A western Kentucky city plans to have a panel determine whether it can make things easier for businesses looking to locate or expand in the area.
Owensboro Mayor Ron Payne told the Messenger-Inquirer that he's heard several complaints from the business community and this is an attempt to see if there are problems and, if so, how best to address them.
"Ever since I've been mayor, I've heard complaints about problems with planning and zoning and other requirements, or difficulties dealing with City Hall, and given the amount of business activity we have and what I anticipate will occur, we want to make sure it is as easy as possible to do business," Payne said recently in calling for the appointment of a Commission on Business Development.
He said the group would talk to developers and business owners to see what kind of problems they have when they attempt to open or expand a business and determine whether issues really exist.
Former President Bill Clinton is coming to Owensboro this spring for a benefit fundraiser. The Messenger-Inquirier reports the event will raise funds to support the Wendell H. Ford Government Education Center.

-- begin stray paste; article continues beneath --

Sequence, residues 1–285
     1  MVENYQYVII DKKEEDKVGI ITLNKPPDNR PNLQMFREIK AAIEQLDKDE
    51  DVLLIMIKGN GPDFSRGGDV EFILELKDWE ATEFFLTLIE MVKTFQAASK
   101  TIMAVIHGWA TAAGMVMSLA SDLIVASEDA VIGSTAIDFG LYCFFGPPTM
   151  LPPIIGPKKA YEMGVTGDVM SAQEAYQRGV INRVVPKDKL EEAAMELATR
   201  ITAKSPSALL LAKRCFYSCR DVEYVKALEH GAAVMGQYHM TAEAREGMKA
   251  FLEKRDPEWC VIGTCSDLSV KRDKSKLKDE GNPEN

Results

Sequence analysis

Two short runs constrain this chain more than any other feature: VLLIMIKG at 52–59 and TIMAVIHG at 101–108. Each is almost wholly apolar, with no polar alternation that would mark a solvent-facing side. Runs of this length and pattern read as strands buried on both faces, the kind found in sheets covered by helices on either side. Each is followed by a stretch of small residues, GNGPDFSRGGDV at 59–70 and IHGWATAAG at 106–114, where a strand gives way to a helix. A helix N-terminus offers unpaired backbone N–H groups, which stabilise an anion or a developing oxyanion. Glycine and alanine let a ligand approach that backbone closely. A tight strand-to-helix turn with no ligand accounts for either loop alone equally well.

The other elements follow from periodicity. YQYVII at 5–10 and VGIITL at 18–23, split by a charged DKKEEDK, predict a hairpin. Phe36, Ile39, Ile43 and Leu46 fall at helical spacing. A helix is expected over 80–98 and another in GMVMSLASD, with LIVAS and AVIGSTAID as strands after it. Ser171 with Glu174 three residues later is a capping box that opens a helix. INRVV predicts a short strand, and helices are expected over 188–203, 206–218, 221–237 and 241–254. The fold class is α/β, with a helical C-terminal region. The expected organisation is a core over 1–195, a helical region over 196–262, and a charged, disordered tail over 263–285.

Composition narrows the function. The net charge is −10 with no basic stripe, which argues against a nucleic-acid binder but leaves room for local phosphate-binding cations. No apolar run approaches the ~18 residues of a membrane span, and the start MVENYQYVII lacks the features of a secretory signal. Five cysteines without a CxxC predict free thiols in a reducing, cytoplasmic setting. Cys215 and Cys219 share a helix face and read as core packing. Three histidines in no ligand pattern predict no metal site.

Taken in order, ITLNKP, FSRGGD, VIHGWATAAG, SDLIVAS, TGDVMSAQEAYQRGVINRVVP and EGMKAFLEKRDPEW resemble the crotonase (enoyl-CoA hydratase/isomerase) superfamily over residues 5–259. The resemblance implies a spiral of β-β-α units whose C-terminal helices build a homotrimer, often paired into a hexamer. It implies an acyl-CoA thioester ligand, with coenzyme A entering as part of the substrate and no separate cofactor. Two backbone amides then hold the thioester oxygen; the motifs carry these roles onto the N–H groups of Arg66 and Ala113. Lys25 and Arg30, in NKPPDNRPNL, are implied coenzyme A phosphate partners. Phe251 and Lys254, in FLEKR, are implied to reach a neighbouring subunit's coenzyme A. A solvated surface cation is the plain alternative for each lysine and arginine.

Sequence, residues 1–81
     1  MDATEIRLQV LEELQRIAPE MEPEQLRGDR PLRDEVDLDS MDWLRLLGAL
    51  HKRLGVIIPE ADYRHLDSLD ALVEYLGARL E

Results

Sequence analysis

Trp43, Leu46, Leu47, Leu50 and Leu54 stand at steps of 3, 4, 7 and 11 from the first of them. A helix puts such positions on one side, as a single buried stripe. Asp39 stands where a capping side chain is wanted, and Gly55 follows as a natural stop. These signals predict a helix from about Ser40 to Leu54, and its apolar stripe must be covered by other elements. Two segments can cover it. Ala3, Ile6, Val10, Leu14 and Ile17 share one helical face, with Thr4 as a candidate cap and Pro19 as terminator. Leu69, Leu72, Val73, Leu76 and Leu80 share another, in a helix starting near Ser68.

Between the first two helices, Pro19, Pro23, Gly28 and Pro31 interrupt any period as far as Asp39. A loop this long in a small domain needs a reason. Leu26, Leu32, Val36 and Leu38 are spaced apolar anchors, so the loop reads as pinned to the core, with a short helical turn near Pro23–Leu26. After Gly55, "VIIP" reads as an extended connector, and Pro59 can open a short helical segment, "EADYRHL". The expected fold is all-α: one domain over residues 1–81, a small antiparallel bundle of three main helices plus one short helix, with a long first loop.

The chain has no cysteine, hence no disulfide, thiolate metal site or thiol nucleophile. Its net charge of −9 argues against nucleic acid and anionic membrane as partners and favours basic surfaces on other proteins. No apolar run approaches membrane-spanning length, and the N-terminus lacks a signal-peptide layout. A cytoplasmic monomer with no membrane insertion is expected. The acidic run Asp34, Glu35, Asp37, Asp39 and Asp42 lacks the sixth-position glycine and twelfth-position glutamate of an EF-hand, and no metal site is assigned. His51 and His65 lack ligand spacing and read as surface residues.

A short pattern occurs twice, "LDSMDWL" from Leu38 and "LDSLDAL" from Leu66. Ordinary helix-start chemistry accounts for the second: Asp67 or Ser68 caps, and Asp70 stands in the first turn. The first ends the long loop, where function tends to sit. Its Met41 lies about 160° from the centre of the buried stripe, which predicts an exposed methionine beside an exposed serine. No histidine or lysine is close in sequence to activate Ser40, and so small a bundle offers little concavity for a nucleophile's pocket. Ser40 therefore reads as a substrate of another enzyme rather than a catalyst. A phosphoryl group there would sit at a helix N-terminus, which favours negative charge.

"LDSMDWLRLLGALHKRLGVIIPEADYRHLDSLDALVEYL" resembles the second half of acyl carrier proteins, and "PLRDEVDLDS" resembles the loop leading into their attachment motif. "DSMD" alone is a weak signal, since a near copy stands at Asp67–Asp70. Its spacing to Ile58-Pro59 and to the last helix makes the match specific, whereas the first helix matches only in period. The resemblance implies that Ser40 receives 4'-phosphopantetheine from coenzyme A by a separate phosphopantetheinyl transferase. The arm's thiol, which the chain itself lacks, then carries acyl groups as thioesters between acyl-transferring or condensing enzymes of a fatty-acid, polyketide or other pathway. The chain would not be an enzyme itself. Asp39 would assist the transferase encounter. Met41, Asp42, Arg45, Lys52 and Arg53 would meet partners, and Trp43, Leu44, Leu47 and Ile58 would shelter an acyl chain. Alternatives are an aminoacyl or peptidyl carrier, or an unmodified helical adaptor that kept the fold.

Ford served in the U.S. Senate from 1974 to 1999, and was Democratic Whip the first six years of Clinton’s presidencies.
President Clinton has appeared in Daviess County before—in 2000, he presented an education award to Audubon Elementary School, and he campaigned at Kentucky Wesleyan College in 2008 on behalf of his wife, Hillary Clinton, who was seeking the Democratic presidential nomination.
The Ford Government Education Center is located downtown in the Owensboro Museum of Science and History, and has displays of pictures, artifacts, and documents from Ford’s political career.
Based on a study, the Owensboro region needs additional primary care physicians. Owensboro Medical Health System is recruiting two dozen doctors this year to meet the needs of the hospital's service area in western Kentucky and southern Indiana.
The local economy stands to benefit.
OMHS spokesman Gordon Wilkerson says physician recruitment is much like starting a small business.
"A physician is going to, just by effect, bring patients and that creates jobs in other areas like nurses, x-ray technicians, pharmacists, and so forth," said Wilkerson.